• Zinc, which helps support healthy skin

What Does Collagen Do?

Besides helping to ensure strong and healthy skin, hair, and nails, Collagen in your body serves as one of the primary building blocks of bones, fibrous cartilage, connective tissue, tendons, ligaments, organs, teeth—and even the gastrointestinal system. [4] 

Once you hit your 20s, you slowly start losing Collagen—about one percent each year. [5] As you get older, these decreased Collagen levels may impact: [3]

  • skin elasticity
  • muscle function
  • ligaments and tendon function
  • gastrointestinal function

Is Taking Collagen Safe?

Because there are few food sources of Collagen, you might be considering dietary Collagen supplement. If so, it helps to know what to expect from different Collagen products. In general, manufacturers make Collagen supplements from bones, connective tissue, and other parts of cows, pigs, chicken, and fish. [6] For this reason, you’ll find product packaging that might say “bovine Collagen” or “marine Collagen.”

Many Collagen supplements commonly contain Collagen peptides, also called hydrolyzed Collagen or Collagen hydrolysate. Because Collagen peptides are water-soluble, they’re easier for the body to digest, thus may help in Collagen absorption. [2]

What are the side effects in taking Collagen? Studies have not shown any negative side effects in people given Collagen.[7]  In fact, as long as you’re not allergic to any of the ingredients in the Collagen supplement (check the label), there are no known side effects of taking Collagen peptides.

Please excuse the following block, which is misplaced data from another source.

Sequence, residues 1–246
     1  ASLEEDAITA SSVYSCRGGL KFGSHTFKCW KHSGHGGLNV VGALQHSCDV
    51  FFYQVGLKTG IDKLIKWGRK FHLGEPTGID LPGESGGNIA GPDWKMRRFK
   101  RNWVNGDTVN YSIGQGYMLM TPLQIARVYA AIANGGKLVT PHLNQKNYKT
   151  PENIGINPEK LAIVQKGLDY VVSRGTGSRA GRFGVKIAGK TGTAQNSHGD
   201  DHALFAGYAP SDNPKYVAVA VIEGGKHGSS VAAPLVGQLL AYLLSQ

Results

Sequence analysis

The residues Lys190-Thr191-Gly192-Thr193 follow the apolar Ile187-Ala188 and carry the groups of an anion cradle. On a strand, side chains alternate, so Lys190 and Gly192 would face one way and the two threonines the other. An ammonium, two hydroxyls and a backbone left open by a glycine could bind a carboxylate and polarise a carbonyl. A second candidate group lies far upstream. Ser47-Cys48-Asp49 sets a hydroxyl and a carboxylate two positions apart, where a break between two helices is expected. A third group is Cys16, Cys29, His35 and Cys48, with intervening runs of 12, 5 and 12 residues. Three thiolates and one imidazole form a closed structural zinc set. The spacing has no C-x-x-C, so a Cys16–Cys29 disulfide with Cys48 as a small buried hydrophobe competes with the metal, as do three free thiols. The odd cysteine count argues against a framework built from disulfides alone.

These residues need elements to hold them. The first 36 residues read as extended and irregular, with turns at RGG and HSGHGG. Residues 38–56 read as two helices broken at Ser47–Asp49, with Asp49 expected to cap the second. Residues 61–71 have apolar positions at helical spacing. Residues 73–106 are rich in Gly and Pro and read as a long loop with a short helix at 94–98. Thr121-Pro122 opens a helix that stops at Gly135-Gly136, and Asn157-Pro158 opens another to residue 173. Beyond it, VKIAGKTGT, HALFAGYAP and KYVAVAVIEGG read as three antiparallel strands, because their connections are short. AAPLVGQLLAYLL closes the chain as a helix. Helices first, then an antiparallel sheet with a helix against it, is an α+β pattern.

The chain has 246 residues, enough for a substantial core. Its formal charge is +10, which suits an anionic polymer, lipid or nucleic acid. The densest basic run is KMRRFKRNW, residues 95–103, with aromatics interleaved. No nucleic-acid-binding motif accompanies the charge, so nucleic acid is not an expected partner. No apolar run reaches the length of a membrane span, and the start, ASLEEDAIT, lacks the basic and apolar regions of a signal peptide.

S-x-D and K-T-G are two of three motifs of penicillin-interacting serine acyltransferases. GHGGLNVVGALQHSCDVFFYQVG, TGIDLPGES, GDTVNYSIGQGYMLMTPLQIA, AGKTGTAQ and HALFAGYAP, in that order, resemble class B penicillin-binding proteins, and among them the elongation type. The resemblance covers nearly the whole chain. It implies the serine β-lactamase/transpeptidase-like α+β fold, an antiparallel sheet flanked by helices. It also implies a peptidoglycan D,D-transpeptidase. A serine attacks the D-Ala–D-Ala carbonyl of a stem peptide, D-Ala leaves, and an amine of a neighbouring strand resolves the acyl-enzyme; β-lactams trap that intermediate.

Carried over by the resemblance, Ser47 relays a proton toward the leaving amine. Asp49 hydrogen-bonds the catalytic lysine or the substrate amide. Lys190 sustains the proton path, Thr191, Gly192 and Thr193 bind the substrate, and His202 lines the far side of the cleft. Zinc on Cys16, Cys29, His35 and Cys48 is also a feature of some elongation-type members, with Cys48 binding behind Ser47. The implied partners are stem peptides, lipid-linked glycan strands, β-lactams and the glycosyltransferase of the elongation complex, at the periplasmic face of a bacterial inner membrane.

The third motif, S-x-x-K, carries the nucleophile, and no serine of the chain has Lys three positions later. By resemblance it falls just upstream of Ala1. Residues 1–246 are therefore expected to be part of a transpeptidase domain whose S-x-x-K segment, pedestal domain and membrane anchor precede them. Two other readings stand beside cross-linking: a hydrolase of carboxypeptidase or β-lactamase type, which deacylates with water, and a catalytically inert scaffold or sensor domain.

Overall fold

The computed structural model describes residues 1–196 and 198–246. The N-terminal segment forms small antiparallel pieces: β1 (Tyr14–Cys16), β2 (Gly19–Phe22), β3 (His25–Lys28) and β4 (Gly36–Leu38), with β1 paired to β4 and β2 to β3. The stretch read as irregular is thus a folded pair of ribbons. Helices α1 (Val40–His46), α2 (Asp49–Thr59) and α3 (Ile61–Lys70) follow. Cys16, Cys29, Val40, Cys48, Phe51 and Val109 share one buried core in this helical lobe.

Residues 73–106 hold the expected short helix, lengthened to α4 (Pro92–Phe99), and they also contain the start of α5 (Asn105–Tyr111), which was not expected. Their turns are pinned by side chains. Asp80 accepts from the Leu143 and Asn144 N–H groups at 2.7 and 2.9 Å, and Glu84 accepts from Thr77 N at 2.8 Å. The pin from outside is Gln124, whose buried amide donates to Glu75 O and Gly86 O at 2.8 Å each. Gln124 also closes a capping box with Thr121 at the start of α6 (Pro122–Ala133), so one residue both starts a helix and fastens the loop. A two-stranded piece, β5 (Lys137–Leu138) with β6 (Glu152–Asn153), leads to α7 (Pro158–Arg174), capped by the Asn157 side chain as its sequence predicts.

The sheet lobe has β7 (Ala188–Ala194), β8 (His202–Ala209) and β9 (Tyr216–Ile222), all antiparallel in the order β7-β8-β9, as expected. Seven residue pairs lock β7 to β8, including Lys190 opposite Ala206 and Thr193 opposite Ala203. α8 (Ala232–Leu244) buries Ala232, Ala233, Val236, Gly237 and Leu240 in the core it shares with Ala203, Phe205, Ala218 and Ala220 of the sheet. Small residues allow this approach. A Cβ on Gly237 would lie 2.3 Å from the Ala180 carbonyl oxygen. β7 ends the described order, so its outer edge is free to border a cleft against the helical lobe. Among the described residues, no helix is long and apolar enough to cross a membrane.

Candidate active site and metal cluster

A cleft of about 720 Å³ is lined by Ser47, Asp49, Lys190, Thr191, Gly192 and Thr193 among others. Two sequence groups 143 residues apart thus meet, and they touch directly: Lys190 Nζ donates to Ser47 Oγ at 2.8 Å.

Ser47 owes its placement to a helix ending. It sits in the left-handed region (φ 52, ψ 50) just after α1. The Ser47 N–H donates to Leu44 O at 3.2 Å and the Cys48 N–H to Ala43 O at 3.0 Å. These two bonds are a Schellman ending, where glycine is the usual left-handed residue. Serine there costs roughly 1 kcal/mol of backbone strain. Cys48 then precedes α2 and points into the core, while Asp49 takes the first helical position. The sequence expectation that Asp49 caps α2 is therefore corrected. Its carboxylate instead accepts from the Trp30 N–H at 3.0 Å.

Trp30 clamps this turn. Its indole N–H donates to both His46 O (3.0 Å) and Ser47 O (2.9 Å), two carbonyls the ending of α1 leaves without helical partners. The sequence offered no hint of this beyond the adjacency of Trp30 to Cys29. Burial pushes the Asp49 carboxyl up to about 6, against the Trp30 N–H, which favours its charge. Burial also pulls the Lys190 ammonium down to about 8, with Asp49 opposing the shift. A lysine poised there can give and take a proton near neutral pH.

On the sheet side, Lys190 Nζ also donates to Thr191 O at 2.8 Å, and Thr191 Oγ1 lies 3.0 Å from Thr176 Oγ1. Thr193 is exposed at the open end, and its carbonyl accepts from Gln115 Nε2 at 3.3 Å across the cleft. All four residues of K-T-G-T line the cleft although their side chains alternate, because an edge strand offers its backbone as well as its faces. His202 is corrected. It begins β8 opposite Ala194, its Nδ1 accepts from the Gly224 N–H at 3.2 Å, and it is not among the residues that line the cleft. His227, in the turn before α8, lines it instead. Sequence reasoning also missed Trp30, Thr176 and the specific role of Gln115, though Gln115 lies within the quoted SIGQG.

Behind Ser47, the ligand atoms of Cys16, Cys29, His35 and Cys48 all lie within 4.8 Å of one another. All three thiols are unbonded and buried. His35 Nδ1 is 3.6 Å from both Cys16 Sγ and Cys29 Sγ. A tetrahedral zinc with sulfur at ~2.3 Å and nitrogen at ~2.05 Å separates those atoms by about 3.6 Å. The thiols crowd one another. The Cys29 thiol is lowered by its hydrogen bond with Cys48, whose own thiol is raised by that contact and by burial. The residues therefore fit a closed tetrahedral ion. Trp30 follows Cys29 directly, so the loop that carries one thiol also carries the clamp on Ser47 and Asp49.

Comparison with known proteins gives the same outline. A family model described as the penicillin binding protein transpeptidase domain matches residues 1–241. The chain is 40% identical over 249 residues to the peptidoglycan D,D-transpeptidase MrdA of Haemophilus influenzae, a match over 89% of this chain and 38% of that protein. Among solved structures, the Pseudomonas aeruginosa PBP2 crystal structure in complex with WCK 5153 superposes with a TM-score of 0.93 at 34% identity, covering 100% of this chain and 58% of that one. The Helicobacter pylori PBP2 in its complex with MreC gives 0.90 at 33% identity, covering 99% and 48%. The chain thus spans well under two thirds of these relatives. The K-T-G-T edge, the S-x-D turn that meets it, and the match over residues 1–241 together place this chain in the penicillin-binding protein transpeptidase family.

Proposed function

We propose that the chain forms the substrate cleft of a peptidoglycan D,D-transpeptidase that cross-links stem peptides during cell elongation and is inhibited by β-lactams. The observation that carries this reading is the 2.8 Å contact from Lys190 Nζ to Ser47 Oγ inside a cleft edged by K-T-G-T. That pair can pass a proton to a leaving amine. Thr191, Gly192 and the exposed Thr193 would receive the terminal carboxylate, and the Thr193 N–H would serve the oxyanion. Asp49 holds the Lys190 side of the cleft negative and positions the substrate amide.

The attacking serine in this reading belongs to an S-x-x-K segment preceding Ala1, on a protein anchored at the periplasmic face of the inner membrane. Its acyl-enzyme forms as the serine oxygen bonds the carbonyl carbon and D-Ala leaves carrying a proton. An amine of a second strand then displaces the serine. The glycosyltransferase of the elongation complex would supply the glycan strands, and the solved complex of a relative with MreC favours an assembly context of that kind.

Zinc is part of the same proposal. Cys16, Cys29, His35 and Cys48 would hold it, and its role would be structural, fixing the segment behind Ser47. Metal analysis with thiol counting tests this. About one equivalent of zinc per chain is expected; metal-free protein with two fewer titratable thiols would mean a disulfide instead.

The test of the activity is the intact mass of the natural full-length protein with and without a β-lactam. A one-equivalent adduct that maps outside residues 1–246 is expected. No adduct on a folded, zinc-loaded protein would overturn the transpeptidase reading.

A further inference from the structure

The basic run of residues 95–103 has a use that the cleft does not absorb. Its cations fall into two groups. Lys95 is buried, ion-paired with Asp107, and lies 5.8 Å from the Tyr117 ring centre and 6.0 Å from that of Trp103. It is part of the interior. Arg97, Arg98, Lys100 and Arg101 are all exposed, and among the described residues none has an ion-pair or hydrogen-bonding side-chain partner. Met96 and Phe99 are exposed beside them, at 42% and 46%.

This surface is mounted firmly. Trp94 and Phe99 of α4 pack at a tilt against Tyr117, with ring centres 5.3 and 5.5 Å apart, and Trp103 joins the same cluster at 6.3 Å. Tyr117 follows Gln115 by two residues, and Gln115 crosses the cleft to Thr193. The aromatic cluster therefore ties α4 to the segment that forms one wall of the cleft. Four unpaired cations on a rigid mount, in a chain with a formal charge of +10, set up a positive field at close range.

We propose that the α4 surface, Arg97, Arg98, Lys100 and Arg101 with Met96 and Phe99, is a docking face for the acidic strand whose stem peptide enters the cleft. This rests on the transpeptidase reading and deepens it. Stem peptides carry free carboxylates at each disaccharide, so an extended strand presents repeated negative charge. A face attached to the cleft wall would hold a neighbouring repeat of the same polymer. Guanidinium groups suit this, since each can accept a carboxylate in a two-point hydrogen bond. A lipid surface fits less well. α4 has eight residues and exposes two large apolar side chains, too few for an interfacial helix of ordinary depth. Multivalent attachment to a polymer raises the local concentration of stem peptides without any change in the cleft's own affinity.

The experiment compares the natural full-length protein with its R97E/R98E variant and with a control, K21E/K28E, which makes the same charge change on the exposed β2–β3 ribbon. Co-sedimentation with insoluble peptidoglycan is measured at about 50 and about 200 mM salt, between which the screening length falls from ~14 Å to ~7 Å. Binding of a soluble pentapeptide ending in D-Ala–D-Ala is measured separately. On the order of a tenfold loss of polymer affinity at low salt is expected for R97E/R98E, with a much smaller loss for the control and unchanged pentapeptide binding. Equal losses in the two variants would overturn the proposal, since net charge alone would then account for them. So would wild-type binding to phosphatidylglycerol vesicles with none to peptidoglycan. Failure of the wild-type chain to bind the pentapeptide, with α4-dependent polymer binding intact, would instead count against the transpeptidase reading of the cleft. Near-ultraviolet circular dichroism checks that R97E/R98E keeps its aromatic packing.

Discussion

Research shows that, taken in the proper doses, Collagen is not harmful. So, what is the recommended dosage? Studies indicate that you can safely take 2.5g -15g of Collagen peptides every day. [8]

The Bottom Line

Made from the amino acids of protein, Collagen is a component of healthy skin, hair, and nails, and plays a vital role in other important body functions. By combining key nutrients such as Protein, Vitamin C, Zinc, and Copper, your body naturally produces Collagen. However, Collagen production decreases as you get older. Collagen is primarily found in the skin, bones, tendons, and ligaments of beef, pork, poultry, and fish. Collagen supplements (often in the form of Collagen powder, gummies, or capsules) provide another option for people looking to increase their intake. Studies show that Collagen is safe to take in recommended doses with no reported side effects.

 

Continue to check back on the Nature Made blog for the latest science-backed articles to help you take ownership of your health.

Learn More About Vitamins & Supplements:

Follow @NatureMadeVitamins on Instagram for new product news, healthy lifestyle tips, and more.